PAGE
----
A Heliconia as a houseplant or as cut flowers
The Heliconia houseplant has striking colored bracts. Bracts that resemble the flower but the flowers are inside. Flowers that are visited by the hummingbird birds and that provide fertilization. The hummingbird bird that is found in tropical countries where the Heliconia is native. The Heliconia has leaves that resemble the leaf of the banana plant and that is why the Heliconia has also been included in the banana family for decades. Until the family Heliconia was classified as the only genus in the family Heliconiaceae in 2003.
- Description Helicona
- Food source
The Heliconia is a family of the Heliconiaceae. The Heliconia is also called lobster claws, false bird of paradise flower or beak heliconia. The growth and inflorescence of the plant is comparable to genera such as the Strelitzia (bird of paradise flower), Canna and Muscacea (banana). An inflorescence with brightly colored bracts and large green leaves on long petioles. The Heliconia genus has about fifty species and countless cultivars. The different species are native to tropical South America and the Pacific Islands west of Indonesia. In the past, the genus Heliconia belonged to the family Musaceae (banana family) but was classified by taxonomists (scientists in biology who are concerned with the description, classification and naming of plants) in the family Heliconiaceae in 2003. The family consists only of the genus Heliconia. This genus has about two hundred species, which are native to the tropical or subtropical regions of South America, tropical Asia and the islands west of Indonesia. The beautiful bracts with flowers are often used as cut flowers in bouquets in the Netherlands.
The evergreen perennial plant has a vigorous rhizome. Long stems with a large leaf at the top emerge from the rhizome. The colored bracts with flowers grow between the large green leaves. Bracts that point up or down. Small inconspicuous red, orange, yellow or pink flowers grow between the bracts. There are Heliconias with an upright or trailing inflorescence. The names of the plant often describe the bract (flower), such as:
- lobster bihai scissors;
- rostrata platypus;
- psittacorum parrot.
The species can be divided into two groups:
- Heliconias with hanging flowers;
- Heliconias with upright flowers.
Some common cultivars are:
- Heliconia stricta or ‘Olympic Flame’. The upright flowers are flame-shaped and orange with a yellow-green edge;
- Heliconia stricta ?? Bucky ?? with red upright flowers and red flower spike;
- Heliconia bihai (red palulu) with numerous red upright bracts that reach a total of 1.5 meters;
- Heliconia rostrata or beaked heliconia with hanging flowers downwards. Flowers consisting of 12 to 35 bright red bracts with a green-edged, yellow top;
- Heliconia schiedeana or ginger blossom with upright branching inflorescence with red bracts and yellow flowers;
- Heliconia spathocircinata with an upright inflorescence on a stem 15 to 50 centimeters long;
- Heliconia stricta ‘Dwarf Jamaican’: a cultivar of the Heliconia stricta with purple berries;
- Heliconia psittacorum or parrot banana: an inflorescence with upright 2.5 to 5 centimeter long tubular, orange to yellow-greenish flowers with a dark top.
The plants have large and beautifully colored bracts with small tubular flowers. Leaves and bracts that grow from the long stem, creating false stems.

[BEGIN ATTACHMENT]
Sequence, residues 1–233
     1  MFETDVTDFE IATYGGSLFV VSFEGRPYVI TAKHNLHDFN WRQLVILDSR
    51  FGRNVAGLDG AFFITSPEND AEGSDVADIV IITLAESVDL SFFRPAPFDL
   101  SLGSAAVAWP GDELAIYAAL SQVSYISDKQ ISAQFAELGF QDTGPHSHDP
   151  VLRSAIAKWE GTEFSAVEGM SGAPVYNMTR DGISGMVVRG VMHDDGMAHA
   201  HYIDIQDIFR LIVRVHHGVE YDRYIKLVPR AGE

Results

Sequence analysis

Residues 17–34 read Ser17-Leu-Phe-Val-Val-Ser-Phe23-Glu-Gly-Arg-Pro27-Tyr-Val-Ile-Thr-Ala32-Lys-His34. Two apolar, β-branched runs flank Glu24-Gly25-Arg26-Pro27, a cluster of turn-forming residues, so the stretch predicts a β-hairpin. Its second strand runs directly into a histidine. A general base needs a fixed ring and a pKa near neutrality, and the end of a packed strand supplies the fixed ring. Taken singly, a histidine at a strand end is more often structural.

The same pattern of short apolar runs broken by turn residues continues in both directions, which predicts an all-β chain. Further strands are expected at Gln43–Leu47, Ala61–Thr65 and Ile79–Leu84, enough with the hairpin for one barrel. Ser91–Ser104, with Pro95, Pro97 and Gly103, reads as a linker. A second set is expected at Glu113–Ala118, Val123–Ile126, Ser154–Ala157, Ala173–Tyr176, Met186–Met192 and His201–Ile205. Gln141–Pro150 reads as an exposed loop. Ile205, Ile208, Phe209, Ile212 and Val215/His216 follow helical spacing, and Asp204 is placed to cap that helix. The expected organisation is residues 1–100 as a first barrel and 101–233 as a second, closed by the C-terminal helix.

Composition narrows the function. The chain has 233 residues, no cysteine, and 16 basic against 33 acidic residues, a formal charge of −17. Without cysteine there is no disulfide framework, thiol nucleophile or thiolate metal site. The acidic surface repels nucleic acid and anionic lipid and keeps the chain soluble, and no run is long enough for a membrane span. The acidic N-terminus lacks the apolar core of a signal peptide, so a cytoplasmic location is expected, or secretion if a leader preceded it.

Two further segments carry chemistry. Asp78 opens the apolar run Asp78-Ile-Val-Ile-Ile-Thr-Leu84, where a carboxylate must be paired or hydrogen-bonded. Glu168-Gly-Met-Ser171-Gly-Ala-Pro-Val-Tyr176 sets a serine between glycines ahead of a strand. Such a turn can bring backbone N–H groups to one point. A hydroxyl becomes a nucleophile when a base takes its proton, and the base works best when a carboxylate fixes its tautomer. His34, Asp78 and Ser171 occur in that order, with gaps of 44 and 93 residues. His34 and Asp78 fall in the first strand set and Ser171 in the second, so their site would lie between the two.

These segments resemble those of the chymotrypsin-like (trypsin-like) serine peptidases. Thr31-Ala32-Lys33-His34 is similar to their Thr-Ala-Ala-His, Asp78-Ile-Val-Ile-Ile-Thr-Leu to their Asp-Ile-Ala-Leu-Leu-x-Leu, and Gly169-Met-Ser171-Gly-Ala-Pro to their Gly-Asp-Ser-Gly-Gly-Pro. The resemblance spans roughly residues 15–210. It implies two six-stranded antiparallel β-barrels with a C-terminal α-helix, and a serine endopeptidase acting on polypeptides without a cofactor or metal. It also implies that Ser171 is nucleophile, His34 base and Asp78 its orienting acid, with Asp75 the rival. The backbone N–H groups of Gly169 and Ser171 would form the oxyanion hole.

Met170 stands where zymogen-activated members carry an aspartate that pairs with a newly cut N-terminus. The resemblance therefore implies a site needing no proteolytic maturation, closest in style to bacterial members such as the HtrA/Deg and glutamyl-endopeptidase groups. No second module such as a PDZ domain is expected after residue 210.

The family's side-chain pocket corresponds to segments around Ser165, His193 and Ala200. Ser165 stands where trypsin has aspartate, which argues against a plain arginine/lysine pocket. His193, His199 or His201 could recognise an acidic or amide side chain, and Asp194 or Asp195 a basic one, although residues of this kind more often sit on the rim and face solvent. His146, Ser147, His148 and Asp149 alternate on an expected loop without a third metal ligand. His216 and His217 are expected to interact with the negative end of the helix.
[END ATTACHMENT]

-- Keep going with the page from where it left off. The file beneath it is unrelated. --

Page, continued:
The brightly colored bracts attract hummingbirds in their country of origin. Each Heliconia species has flowers that can accommodate the beak of only one species of hummingbird. The hummingbird which has a beak shape that fits exactly into the long tubular flowers inside the bract. The hummingbird drinks the nectar from the blooming flower and gets some pollen on the beak or back and flies it to the next Heliconia where the pollen hangs ?? to the sticky stamp. The Heliconia is fertilized and the berries with seed will start to grow. A spontaneous hybrid can also arise in this way, because sometimes a hummingbird manages to drink from a Heliconia where its beak does not fit properly. However, the hybrid and cultivated species cannot produce offspring.
In addition to a food source for hummingbirds, the Heliconia with its bracts is also a food source for other animals such as mosquitoes and frogs. Water can remain in the bract like in a mini pond. Mosquitoes and frogs find here a place to sell offspring. Frog spawn and mosquito larvae develop best in standing water.
A Heliconia prefers a light spot with a temperature between ten and thirty degrees. Do not put the plant in full sun all the time and make sure that the soil does not dry out. The plant requires high humidity and the plant needs regular spraying. Give plant food once a month and make sure that no water remains in the pot or saucer. If the soil comes up from the pot after about two years, the plant needs a new and larger pot. Preferably use palm soil for this. The Heliconia is an ideal patio plant in the summer, but it should be indoors as soon as it drops below ten degrees at night.
In addition to the Heliconia with the upright orange bracts with a yellow-green edge, new types of Heliconia have been cultivated all the time that are for sale as cut flowers. Cut flowers with the name such as:
- Heliconia Black Magic with a beautiful burgundy color;
- Caribea Yellow with a wonderful yellow color;
- Heliconia Emerald with green flowers:
- Heliconia Sheet She Kong with drooping hairy pink / red bracts;
- She pink with a beautiful pink color and slightly hairy and soft bracts;
- Heliconia Psittacorum Sassy with slender pink bracts.